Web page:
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Conjugate Elements of a Symmetric Group

  1. Dec 4, 2005 #1
    Is the the following definition correct?

    Two elements a and b of a group G are said to be CONJUGATE if there exists g in G such that [tex]a=gbg^{-1}[/tex].

    For instance, show that all elements in the symmetric group S5 of order 6 conjugate.
     
  2. jcsd
  3. Dec 4, 2005 #2

    matt grime

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    EDIT: Yes, that's the correct definition, as well.


    Again, do it: take an element of order 6, compute its conjugates with a couple of elements and see who to generate all elements of order 6.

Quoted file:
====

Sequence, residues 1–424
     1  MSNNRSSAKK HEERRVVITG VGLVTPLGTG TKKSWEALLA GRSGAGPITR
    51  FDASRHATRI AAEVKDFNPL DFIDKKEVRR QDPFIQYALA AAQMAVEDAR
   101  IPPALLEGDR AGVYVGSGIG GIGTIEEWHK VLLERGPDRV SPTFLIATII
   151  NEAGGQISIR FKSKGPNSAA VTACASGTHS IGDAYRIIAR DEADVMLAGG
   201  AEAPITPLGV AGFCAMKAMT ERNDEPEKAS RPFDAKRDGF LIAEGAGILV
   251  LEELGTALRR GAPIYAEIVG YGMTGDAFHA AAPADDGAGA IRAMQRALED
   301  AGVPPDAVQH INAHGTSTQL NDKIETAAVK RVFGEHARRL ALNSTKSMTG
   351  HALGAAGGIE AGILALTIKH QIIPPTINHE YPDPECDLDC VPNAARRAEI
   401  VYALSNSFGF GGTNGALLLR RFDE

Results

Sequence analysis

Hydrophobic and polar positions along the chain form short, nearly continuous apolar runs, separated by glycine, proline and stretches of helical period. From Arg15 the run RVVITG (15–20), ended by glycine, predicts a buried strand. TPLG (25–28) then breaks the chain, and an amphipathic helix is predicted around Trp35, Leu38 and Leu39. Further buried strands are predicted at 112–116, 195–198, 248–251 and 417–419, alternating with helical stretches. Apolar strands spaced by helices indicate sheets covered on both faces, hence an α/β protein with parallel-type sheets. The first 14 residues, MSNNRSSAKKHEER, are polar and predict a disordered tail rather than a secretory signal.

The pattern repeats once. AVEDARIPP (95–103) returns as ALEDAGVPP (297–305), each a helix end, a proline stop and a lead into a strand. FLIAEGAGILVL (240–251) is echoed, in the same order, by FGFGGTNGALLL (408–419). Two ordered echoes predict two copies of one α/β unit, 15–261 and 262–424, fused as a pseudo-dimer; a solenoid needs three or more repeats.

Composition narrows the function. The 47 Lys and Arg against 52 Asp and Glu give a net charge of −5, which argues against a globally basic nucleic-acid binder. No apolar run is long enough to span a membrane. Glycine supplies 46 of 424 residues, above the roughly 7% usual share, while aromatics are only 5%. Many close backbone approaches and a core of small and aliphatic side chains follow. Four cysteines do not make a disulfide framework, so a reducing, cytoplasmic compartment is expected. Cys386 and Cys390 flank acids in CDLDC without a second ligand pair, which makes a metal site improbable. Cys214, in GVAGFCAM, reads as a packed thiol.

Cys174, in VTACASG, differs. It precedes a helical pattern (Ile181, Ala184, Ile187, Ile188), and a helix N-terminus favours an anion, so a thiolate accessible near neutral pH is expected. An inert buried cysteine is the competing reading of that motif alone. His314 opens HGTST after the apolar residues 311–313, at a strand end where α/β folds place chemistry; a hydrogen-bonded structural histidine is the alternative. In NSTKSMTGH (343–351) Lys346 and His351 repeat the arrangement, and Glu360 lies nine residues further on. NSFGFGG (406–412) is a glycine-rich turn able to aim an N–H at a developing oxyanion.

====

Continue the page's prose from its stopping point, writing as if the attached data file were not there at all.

Eg, in S_n n>2, consider (12)(23)(12)=(13), thus it's clear that all elements of order 2 are conjugate
     
    Last edited: Dec 4, 2005
  4. Dec 5, 2005 #3

    matt grime

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    Incidentally, when i say "just do it" i'm not being impatient, it's just that sometimes in maths you sadly just have to get your hands dirty with some calculations.
     
  5. Dec 5, 2005 #4
    I know, I just think I remember a theorem that says two elements in a symmetric group are conjugate if and only if they have the same cycle shape. There are 7 different cycle shapes in S5, I think.
     
  6. Dec 6, 2005 #5

    matt grime

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    Not sure what you're getting at. Perhaps if you realized there was only one cycle shape which corresponded to elements of order 6 that would help.
     
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